|US20050152761 *||Nov 2, 2004||Jul 14, 2005||Silamianos Bill M.||Divider apparatus and method for use with a bed of a motor vehicle|
|US20070207004 *||Apr 24, 2007||Sep 6, 2007||Silamianos Bill M||Divider apparatus and method for use with a bed of a motor vehicle|
|U.S. Classification||296/39.2, 296/39.1|
|Mar 2, 1992||AS||Assignment|
Owner name: DURAKON INDUSTRIES, INC., MICHIGAN
Free format text: ASSIGNMENT OF ASSIGNORS INTEREST.;ASSIGNOR:GOWER, JERALD;REEL/FRAME:006027/0592
Effective date: 19911114
|Nov 4, 1996||FPAY||Fee payment|
Year of fee payment: 4
|Aug 10, 1999||AS||Assignment|
Owner name: BANKBOSTON, N.A., MASSACHUSETTS
Free format text: SECURITY INTEREST;ASSIGNOR:DURAKON INDUSTRIES, INC.;REEL/FRAME:010154/0273
Effective date: 19990726
|Nov 3, 2000||FPAY||Fee payment|
Year of fee payment: 8
|Nov 17, 2004||REMI||Maintenance fee reminder mailed|
|May 4, 2005||REIN||Reinstatement after maintenance fee payment confirmed|
|Jun 28, 2005||FP||Expired due to failure to pay maintenance fee|
Effective date: 20050504
|Sep 14, 2005||AS||Assignment|
Owner name: COMERICA BANK, MICHIGAN
Free format text: ASSIGNMENT OF SECURITY DOCUMENTS;ASSIGNOR:BANKBOSTON, N.A., NOW KNOWN AS FLEET NATIONAL BANK;REEL/FRAME:016522/0928
Effective date: 20050519
|Feb 17, 2006||SULP||Surcharge for late payment|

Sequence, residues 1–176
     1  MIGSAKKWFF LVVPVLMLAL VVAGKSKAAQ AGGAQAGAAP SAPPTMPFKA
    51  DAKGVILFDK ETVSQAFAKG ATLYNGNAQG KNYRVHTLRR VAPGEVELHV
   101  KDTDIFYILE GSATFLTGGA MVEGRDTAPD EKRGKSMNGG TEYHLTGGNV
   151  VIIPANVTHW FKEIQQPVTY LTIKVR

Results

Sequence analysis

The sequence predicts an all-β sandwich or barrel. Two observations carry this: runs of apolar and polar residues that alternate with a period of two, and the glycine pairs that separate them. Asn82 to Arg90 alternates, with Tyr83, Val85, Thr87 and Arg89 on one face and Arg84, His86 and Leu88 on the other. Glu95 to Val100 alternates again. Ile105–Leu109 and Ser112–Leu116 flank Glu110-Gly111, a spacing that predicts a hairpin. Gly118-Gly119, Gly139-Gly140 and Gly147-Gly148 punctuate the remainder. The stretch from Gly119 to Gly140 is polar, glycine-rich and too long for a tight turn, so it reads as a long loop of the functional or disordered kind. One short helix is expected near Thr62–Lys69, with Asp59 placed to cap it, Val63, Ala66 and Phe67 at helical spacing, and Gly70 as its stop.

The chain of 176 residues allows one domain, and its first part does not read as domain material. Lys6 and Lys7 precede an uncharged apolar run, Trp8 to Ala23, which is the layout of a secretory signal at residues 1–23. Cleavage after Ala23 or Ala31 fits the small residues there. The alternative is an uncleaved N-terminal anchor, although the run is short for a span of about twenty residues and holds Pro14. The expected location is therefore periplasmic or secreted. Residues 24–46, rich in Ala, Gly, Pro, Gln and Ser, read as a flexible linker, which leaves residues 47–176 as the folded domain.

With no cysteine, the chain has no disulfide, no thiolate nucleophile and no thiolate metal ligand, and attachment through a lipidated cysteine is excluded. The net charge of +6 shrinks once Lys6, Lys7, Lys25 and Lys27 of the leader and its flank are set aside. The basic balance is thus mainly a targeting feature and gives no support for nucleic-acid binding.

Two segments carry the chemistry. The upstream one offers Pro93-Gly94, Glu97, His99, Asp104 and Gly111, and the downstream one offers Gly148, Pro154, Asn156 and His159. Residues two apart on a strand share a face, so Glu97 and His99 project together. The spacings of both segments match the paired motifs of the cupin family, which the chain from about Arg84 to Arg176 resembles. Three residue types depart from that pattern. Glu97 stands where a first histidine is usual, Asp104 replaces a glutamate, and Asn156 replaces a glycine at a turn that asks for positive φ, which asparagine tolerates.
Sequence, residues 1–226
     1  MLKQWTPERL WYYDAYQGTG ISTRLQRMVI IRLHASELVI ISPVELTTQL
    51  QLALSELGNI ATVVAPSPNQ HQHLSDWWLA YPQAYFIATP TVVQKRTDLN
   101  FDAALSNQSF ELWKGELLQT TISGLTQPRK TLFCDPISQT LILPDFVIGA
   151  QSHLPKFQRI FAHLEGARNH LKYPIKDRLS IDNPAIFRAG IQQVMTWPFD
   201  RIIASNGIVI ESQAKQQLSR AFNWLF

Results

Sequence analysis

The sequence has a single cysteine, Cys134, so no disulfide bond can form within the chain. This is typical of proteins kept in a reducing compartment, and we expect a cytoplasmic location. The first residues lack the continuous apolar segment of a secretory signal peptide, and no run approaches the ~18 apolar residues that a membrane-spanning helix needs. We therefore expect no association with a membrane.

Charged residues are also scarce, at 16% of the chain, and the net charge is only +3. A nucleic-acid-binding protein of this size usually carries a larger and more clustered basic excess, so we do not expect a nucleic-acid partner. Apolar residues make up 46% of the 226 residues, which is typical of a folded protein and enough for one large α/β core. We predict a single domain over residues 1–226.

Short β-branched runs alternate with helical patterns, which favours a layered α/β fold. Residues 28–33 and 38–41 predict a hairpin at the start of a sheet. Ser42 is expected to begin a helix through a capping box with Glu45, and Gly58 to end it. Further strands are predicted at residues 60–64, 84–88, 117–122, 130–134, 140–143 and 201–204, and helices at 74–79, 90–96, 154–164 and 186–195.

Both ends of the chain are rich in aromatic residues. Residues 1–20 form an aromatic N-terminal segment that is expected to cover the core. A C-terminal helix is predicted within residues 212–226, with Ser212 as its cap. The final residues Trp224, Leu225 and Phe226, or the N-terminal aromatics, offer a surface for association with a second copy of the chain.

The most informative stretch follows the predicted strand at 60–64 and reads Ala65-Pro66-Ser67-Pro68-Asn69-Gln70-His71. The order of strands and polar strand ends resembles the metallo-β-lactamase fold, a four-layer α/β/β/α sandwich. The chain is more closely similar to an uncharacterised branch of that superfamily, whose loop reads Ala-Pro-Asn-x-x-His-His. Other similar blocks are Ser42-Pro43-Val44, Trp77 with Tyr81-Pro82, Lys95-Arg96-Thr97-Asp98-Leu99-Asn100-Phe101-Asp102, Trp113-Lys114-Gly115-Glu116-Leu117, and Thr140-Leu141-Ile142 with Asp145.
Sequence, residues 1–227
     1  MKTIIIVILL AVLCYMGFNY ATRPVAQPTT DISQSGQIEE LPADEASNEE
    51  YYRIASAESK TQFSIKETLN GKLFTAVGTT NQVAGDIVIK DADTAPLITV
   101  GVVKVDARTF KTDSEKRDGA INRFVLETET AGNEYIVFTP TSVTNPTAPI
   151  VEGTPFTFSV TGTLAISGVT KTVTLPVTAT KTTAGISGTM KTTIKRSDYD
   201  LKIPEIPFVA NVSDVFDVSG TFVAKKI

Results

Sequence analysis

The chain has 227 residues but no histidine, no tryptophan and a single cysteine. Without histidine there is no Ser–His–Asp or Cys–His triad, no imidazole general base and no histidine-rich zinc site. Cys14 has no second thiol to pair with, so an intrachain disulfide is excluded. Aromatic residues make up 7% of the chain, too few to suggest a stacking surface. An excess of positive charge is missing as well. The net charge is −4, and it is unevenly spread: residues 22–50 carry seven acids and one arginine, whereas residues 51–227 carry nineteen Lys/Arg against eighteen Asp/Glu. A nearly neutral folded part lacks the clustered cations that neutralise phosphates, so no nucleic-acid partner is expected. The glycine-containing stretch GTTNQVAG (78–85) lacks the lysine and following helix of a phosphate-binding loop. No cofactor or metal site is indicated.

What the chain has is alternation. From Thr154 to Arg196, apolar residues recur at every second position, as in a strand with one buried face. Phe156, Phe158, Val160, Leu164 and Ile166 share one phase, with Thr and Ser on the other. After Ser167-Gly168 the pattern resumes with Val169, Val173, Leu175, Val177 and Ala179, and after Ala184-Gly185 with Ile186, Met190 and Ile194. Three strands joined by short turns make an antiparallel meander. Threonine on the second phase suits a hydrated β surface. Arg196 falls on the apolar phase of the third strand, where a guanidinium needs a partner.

|Feb 17, 2006||FPAY||Fee payment|
Year of fee payment: 12
|Mar 13, 2006||PRDP||Patent reinstated due to the acceptance of a late maintenance fee|
Effective date: 20060317
|Oct 25, 2006||AS||Assignment|
Owner name: THE CIT GROUP/BUSINESS CREDIT, INC., NEW YORK
Free format text: SECURITY AGREEMENT;ASSIGNOR:DURAKON INDUSTRIES, INC.;REEL/FRAME:018433/0067
Effective date: 20061004
|Dec 30, 2008||AS||Assignment|
Owner name: PNC BANK, NATIONAL ASSOCIATION, PENNSYLVANIA
Free format text: SECURITY AGREEMENT;ASSIGNOR:DURAKON INDUSTRIES, INC.;REEL/FRAME:022034/0834
Effective date: 20081223
|Aug 21, 2013||AS||Assignment|
Free format text: RELEASE BY SECURED PARTY;ASSIGNOR:THE CIT GROUP/BUSINESS CREDIT, INC.;REEL/FRAME:031056/0613
Effective date: 20130815
Owner name: DURAKON INDUSTRIES, INC., MICHIGAN
|Nov 13, 2013||AS||Assignment|
Owner name: DURAKON INDUSTRIES, INC., MICHIGAN
Free format text: RELEASE BY SECURED PARTY;ASSIGNOR:COMERICA BANK, AS AGENT;REEL/FRAME:031596/0829
Effective date: 20131108
|Dec 11, 2013||AS||Assignment|
Owner name: DURAKON INDUSTRIES, INC., MICHIGAN
Free format text: RELEASE BY SECURED PARTY;ASSIGNOR:COMERICA BANK;REEL/FRAME:031757/0939
Effective date: 20131205